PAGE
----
D'Artagnan continues to work with the cadets, giving them advice on how to fight and overseeing their training, clearly making a good impression on the Captain Athos. But the things in Paris are making Porthos miss the war. It's no surprise, especially as the thief of Gaston's letters turns out to be the wife of the pub's owner, Josephine. A desperate woman trying to protect and support her loved ones, keeping the tavern open. The men there are all war veterans, with no pensions, barely suriving with what they have. She's stealing what she can, without anyone knowing, just to keep things together. Grimaud's cruel idea is to attack and arrest everyone from the inn at their weakest hour, during the funeral of their fallen brothers. It's a truly emotional moment for all the soldiers and I loved that sign of support from Aramis, as he helps the others pray when their loss makes it too painful to go on. As the Red Guard arrives, the conflict leads to another tragic death and only Treville's appearence is able to stop the fight that is about to take place. In the next confrontation however, Christophe and his men take Treville and Porthos hostage, as a way to negotiate with the King. Athos takes their conditions to Louis but he chooses to listen to Feron, who is offering Red Guard's attack on the inn, leaving Athos little time for a rescue mission first, to try to save Treville. Eventually Grimaud makes matters worse and it comes down to a fight between Red Guard and the soldiers, with the Musketeers choosing to help the latter. During the struggle, Christophe's wife can't stand her guilt anymore after starting this horrible turn of events and she finally confesses the truth to d'Artagnan. When the Musketeers realize they're out of options, Constance and Sylvie bring more people to help them out in the fight. Together, they manage to win, but not before Josephine dies, an honorable death in her husband's arms, after taking a stand with her loved ones, who end up never finding out about what she's done, thanks to d'Artagnan.

In the end, the King finds out about Gaston's plan to betray him when the Musketeers bring him back the stolen letters and he sends his brother away, with Feron visiting him and the two exchanging threats one last time. Surely, it's not the last time we're going to see the Duke of Orléans, as he's already plotting his revenge...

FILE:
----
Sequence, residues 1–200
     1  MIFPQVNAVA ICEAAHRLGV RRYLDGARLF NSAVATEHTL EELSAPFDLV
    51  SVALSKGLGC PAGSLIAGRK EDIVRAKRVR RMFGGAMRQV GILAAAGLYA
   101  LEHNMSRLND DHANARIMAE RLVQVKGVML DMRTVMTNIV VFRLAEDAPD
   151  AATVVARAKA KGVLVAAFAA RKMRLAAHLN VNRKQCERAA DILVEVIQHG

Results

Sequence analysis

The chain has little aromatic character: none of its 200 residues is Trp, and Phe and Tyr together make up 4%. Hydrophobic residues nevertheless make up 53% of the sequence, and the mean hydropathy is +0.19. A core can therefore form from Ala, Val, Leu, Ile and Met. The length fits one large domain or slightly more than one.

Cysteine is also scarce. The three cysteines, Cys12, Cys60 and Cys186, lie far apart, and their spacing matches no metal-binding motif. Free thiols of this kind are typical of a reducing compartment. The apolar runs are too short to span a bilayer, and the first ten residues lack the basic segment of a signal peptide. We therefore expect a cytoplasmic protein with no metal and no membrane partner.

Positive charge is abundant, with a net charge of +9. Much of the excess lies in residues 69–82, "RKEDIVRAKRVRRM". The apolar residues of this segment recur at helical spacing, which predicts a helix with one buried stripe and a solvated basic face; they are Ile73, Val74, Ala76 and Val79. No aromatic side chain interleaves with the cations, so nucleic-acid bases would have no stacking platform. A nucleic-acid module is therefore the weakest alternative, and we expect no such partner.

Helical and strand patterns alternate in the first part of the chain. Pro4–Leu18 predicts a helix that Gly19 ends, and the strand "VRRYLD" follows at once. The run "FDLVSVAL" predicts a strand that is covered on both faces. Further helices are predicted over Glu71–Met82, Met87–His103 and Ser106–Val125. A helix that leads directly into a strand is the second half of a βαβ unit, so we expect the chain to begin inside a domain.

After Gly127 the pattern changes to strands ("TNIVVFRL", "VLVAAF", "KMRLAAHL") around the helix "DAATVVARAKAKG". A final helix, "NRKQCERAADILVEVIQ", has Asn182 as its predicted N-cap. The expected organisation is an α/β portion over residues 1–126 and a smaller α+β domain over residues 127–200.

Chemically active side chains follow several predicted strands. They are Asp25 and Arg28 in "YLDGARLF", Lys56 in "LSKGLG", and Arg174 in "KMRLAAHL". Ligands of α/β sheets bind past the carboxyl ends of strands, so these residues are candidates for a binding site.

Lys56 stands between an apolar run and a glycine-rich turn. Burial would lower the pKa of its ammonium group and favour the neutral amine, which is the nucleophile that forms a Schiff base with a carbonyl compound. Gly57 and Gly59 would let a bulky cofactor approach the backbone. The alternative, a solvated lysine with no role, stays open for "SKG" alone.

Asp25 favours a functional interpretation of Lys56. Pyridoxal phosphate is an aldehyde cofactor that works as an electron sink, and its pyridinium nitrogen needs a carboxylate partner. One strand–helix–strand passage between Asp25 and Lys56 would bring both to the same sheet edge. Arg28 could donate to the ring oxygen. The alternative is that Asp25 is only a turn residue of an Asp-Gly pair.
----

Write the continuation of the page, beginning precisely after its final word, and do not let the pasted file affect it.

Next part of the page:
Notes, thoughts and quotes:
Character of the Episode: d'Artagnan ("The Hunger") & Treville ("Brothers in Arms")
Best Duo: Porthos and Aramis & Treville and Louis
Best Fight: The Musketeers stand united with the soldiers against the Red Guard
Most Emotional Scene: The King tells Treville he's dying
Best Reunion: Constance and Queen Anne
Best Introduction: Sylvie
Best Guest Character: Christophe
Most Missed: Still Milady

Memorable quotes:
1. Nortier: "I've never killed a Musketeer". Porthos: "You never will".
2. Queen Anne: "Why is my son out here with you?" Feron: "Majesty. The King, he is asleep, but he wanted the Dauphin and his two uncles to become the best of friends." Queen Anne: "And how can you be friends when he is over there and you're here?"
3. Aramis: "Whatever happens, I've got your back." Porthos: "I know."
4. The King: "I was nine years old when my father was assassinated. I can scarcely recall the sound of his voice. My son will be just six. I must spend every possible moment with him or he will forget me."
5. Constance: "I see babies going hungry. I tell mothers their husbands aren't coming home from the war. It's one thing to be a Musketeer's wife, I don't know if I'm brave enough to be a Musketeer's widow. And I know I don't want to raise a Musketeer's orphan."
6. Lucien: "The price is bound to go up. The people of Paris have no bread. Desperation is always lucrative."
7. Aramis: "We should have a little talk with the trader. He could benefit from our special brand of our tact and diplomacy." Porthos: "It's been a while."

Favorite to Least Favorite Season 3 Episodes Ranking:
1. "Spoils of War"
2. "Brothers in Arms" - Very moving story with interesting characters. Also, we get to find out the truth about Louis' health and not one, but two important reunions take place in the hour. And finally, I really loved seeing all the Musketeers and Treville stand united with the soldiers, making a stand against the Red Guard. Sometimes just having each other's backs is enough.
3. "The Hunger" - Good episode, but not one of my favorites. Had to re-watch to remember all the details. Still, a good introduction for Sylvie and a great portrayal of the new Paris.

Stay tuned for the review of the last episode "The Queen's Diamonds", which will be posted in the next few days. And don't miss all new The Musketeers which airs on Saturday July 2nd at 8.30pm on BBC One in the UK!

And now, what did you think about "The Hunger" & "Brothers in Arms"? Any favorite scenes or quotes in the episodes?

Justyna JJ Kubica
24. SpoilerTV Writer. Loves Movies (especially Marvel Cinematic Universe), TV Shows (The 100, Agents Of SHIELD, Teen Wolf, Sherlock, Person Of Interest, Supernatural (especially 1-5), The Musketeers, Agent Carter, The Flash, Doctor Who, Fringe, Psych and many more) and Books (Harry Potter!). Fantasy & SciFi geek! Scene Of The Week articles author. Writes reviews for Doctor Who, Sherlock & The Musketeers. Member of SpoilerTV team since 27th November 2011.